After first becoming immersed in the world and plot of Sorcerer to the Crown, I found the novel’s momentum begins to fail. Partly this is from the characterization mentioned above. The plot also drags a bit, with no significantly new information or surprises coming the reader’s way and challenges to the protagonists being summarily overcome without much strain. The ease of the protagonist’s victory doesn’t end, but the plot picks back up amid new discoveries and revelations, climaxing in an end that addresses the social and political themes of the novel effectively.
Ultimately, Sorcerer to the Crown is impressive, with beautiful prose by Cho and a charming, whimsical tone that addresses realistic human concerns with hope, all in a fantastic setting without the grim-dark. If only the Establishments of our Earth could so easily be progressively altered as in Sorcerer to the Crown! A delightful fantasy, but definitely a fantasy in that regard.

Disclaimer: I received a free advanced reading copy of this from the publisher via the AceRoc Stars group in exchange for an honest review.

Inheritance: How Our Genes Change Our Lives—and Our Lives Change Our Genes, by Sharon Moalem

Inheritance: How Our Genes Change Our Lives – and Our Lives Change Our Genes, by Sharon Moalem
Publisher: Grand Central Publishing
ISBN: 1455549444
272 pages, hardcover
Published April 2014
Source: Goodreads First-Reads

This popular science book is a broad overview of genetic and epigenetic inheritance, basically exactly what the subtitle says. The introduction oversells the epigenetic focus (how life experience or environment can lead the changes in DNA that are not strictly sequence-based) because the majority of the book does stay within the realms of traditional sequence-based inherited genetic variation. Moreover, given Moalem’s specialty, the focus is not so much on inheritance itself, nor even the specific mechanisms of inheritance.

Instead this book really comes down to these ideas: 1) There are a lot of genetic disorders. 2) Individually these disorders are often rare. 3) It is fairly likely that any given individual though will have some kind of disorder. In other words, everyone is unique; most of us have unique rare disorders of some severity or another. The truth of this may surprise some, as may the implications: namely that any health advisories are tailored for the ‘average population’. But no one is average. So not everyone can take the same amounts of medication. Eating high amounts of fat may be great for some people. Eating any fruits may be really bad for someone else. Running is good exercise for your spouse, it might give you a heart-attack, etc.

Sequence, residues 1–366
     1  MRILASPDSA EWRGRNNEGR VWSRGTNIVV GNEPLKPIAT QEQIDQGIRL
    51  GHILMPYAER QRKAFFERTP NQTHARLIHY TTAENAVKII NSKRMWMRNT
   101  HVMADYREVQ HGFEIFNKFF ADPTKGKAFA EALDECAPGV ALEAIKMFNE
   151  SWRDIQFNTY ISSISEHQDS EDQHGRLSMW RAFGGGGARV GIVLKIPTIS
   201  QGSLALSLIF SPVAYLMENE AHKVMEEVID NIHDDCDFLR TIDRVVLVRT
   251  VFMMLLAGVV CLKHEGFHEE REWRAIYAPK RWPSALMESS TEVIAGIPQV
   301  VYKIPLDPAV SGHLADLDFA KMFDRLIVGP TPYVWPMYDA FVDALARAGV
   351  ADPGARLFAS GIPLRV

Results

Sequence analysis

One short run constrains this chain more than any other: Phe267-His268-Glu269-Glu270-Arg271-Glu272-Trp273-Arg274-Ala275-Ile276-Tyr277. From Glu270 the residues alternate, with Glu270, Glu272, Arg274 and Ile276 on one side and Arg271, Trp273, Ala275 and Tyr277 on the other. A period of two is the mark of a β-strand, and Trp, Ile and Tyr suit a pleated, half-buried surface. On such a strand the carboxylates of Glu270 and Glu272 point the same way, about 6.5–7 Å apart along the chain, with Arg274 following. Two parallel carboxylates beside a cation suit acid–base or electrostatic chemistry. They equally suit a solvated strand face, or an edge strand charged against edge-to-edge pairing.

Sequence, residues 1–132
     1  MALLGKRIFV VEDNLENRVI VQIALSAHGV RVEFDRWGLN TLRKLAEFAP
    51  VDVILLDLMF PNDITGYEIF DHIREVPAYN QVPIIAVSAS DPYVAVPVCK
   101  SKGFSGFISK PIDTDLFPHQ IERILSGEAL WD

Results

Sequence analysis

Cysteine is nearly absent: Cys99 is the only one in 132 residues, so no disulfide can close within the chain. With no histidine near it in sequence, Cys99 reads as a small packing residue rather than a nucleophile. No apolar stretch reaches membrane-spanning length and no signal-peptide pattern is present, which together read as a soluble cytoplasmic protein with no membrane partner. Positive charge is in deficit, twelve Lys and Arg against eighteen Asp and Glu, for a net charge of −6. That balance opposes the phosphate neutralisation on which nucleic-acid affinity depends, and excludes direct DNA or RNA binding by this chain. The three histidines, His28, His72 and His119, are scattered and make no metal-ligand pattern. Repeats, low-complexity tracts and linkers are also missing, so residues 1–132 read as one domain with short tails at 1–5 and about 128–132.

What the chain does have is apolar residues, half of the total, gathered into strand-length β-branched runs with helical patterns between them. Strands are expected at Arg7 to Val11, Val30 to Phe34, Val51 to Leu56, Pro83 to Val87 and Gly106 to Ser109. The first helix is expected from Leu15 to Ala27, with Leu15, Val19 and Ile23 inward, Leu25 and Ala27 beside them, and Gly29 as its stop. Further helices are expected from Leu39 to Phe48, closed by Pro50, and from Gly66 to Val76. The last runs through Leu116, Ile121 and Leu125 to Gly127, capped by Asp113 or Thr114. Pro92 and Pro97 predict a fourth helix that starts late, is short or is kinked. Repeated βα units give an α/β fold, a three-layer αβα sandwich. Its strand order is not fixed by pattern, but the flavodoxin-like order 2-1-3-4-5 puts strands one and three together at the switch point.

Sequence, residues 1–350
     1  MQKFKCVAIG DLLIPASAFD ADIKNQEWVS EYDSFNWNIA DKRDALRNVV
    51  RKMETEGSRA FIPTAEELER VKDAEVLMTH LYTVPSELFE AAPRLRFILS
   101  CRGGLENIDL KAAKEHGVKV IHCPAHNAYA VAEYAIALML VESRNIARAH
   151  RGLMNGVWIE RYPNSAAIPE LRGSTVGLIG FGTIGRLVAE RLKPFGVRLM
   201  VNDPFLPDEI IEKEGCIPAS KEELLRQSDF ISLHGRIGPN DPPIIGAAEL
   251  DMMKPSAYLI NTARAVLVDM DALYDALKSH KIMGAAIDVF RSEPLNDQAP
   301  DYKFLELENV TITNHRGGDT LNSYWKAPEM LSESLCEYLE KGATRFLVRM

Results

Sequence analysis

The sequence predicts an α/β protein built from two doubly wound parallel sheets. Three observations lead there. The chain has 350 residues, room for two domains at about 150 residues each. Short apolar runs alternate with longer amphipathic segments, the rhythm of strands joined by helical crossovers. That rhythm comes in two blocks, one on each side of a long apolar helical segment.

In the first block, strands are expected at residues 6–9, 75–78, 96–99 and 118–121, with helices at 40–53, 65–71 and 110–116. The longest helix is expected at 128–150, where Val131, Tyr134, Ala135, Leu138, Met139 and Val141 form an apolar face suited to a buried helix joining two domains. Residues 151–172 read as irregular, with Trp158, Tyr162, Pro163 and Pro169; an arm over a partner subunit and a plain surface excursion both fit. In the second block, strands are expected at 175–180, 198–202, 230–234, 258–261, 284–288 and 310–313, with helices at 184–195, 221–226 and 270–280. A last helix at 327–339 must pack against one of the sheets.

“Inheritance” thereby sweeps across a wide realm of human genetic variation, threading topics together under common themes. Moalem avoids getting bogged down into a lot of detail, making this book of greatest interest to the general public with medical interests, or those in particular who find medical anomalies interesting. For those that are really ignorant just how much variation there is to life, and how easily life can go wrong, this book is an excellent primer, and even for those with a background in medicine or biology, many of the specific rare disorders in the book that Moalem discusses may be new to them.

Personally I wish that given the title he had delved a little more in-depth, particularly into the mechanisms of inheritance, and variations across life. The book is squarely human- (or at least mammalian-) centric. Moalem’s style is very light-hearted, at times veering into stories whose connections to the actual topic at hand aren’t apparent, but for its intended audience, I find the style appropriate. Finally, I appreciated him bringing up discussion on how studies of genetic disorders allow us to have a firmer grasp of how ‘normal’ biology occurs.

An episode of the X-Files I adore, “Humbug” addresses several of the issues covered in “Inheritance”, including the speculative ones regarding the increasing genetic technologies available to our society. At what point will we be able to eradicate all genetic disorders? What understanding will we lose in the process? How do we decide what is a serious enough disorder? Though briefly touched upon, the book could have spent more space covering the implications of our increasing knowledge and technological powers.

Four Stars out of Five